We frequently hear SONAR users asking how Project5 will benefit their creativity. It’s important to realize that both applications are powerful in their own right, and they offer different approaches to music making and different workflows. While it’s true many people use one program or the other exclusively, it can be very inspiring to use Project5 and SONAR together through Rewire. With Project5 Version 2, SONAR users with ReWire support (versions 2, 3, and 4) now have the opportunity to wield tools like the new GrooveMatrix, adding amazingly flexible pattern-based production to their SONAR projects.
The GrooveMatrix in Project5 Version 2 is a powerful non-linear performance and composition tool. Even though SONAR 4 is already a highly capable soft synth host, combining its production power with the advanced workflow of Project5 Version 2 and the GrooveMatrix can open up entirely new ways to write a song. Let’s explore one possible method to help get you started:
Start by launching SONAR. For this example let’s keep things simple. Use a blank project in SONAR. Now to add Project5 to your workspace, go to the Insert pull-down menu and choose Project5 from the Rewire section of the menu. (Choose Rewire Device | Project 5.) SONAR’s Insert Synth Options window may come up. If so choose Add First Synth Output, MIDI Source Track, and Synth Rack view. After you click OK SONAR will add an audio track so you can hear output from Project5, a MIDI track to start recording into, and the Synth Rack view will pop up with Project5 version 2 listed. Now to open Project5 all you have to do is double-click its name in the Synth Rack view.
After Project5 finishes loading, click File | Open in Project5 and load the project called GrooveMatrix, by Jesse Jost. Once the project is loaded, go to View | Show/Hide GrooveMatrix to expose the GrooveMatrix pane. (shown below) This is the section of the track view we’ll be working with primarily.
The next thing we need to do is make sure the GrooveMatrix will playback alone, without the patterns in the arrange pane. To do this just click the global track override button so that each track override arrow is pointing towards the GrooveMatrix. (Shown below circled in red)
The last thing to do before recording the performance into SONAR is map each groove header to a key on your keyboard controller. Start with the groove header labeled A1 shown above circled in green. Right-click it and choose MIDI Remote Control. In the MIDI Remote Control window, click the Learn button and press a key on your MIDI keyboard. Then click Stop Learning and the OK button. Now that key on your keyboard will trigger the entire column of cells under A1. Continue mapping each groove header to keys on your keyboard until each active column is mapped. Since each vertical column corresponds to a section of the song, you’ll notice you now have the ability to play the song from your keyboard. The beauty of Project5 is just about everything can be remote controlled by MIDI data in this manner. This means you can map individual cells in the GrooveMatrix for even more precise control. For this exercise though, let’s stick to mapping just the groove headers.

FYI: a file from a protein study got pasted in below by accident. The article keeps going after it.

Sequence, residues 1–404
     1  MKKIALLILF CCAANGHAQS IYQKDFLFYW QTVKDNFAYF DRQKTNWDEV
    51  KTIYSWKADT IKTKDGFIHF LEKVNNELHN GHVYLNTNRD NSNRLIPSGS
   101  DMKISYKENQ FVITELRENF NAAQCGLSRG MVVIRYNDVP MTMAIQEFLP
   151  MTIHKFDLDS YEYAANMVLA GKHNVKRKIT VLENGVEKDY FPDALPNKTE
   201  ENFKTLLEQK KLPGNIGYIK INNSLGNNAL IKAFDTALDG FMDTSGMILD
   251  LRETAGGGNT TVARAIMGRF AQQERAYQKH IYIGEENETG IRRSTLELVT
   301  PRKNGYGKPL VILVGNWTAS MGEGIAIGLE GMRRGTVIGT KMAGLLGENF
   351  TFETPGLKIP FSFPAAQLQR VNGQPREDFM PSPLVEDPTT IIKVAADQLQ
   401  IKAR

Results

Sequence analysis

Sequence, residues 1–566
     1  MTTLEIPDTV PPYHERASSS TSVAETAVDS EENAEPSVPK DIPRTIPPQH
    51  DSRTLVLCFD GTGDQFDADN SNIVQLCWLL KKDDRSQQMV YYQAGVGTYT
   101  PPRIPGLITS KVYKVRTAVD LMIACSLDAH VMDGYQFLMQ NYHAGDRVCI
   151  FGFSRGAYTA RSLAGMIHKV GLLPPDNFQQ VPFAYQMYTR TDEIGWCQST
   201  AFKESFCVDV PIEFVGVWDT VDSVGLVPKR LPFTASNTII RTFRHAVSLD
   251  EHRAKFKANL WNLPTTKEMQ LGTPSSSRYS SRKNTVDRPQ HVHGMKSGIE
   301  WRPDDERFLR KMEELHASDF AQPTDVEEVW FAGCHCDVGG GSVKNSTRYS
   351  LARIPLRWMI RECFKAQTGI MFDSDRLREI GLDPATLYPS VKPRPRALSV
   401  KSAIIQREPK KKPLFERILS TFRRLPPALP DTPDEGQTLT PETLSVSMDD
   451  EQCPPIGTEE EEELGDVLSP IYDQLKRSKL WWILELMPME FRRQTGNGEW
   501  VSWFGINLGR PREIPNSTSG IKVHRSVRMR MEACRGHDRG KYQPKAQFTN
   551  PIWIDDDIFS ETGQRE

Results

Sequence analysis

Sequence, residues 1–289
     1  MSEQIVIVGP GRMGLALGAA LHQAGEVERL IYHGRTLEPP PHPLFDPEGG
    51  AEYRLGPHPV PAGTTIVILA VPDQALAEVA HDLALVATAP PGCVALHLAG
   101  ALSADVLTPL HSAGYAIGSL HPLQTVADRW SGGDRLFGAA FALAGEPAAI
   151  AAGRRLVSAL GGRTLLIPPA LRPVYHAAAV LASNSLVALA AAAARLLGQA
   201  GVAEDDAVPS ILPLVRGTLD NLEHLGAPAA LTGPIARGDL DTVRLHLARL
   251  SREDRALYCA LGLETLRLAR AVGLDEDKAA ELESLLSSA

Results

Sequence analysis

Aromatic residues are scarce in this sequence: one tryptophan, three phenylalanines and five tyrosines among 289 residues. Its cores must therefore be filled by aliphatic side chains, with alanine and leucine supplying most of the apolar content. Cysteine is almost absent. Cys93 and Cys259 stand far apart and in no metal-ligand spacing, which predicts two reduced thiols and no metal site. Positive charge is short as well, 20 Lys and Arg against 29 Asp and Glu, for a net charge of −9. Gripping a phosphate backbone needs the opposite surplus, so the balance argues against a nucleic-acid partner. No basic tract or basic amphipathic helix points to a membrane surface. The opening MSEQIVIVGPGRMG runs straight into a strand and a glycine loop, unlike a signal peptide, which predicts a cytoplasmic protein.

So, now that we have a playable, pattern based song structure in Project5. Let’s take advantage of SONAR’s recording capabilities. Switch your view to SONAR. Locate Project5’s MIDI track and arm it for recording. Make sure you set the MIDI track channel output to the same channel that your keyboard uses. Then just hit the record button in SONAR and start triggering your song. When you’re finished with your performance you can play it back, edit it, or freeze it and export it, along with your other SONAR tracks to later put on an audio CD.
The beauty of Project5 is how easy it is to get a song started, and how well it works as a sketchpad to get an idea out of your mind and on to your computer. You can use this same technique mentioned above to build a new track in Project5, and create and record your own song. The vertical panes in Project5 make it easy to divide your songs into different sections. For example, the first pane can be your intro, the second can be the verse, the third can be the chorus, and the fourth can be a bridge or solo. Once you have organized the GrooveMatrix into different sections, you can then grab loops and start filling out cells within each pane. Preview transitions from different sections of the songs to see how they flow; pick and choose loops that work the best; change the tempo or pitch of the song on the fly. Once you have your song idea done, you can record it directly into SONAR. This technique also works great for creating backing tracks. Singer-songwriters and those without a band can just bring their laptop to a gig, plug-in, and play along with pre-recorded tracks.
We will be featuring more Project5 tips in the coming weeks. Stay tuned.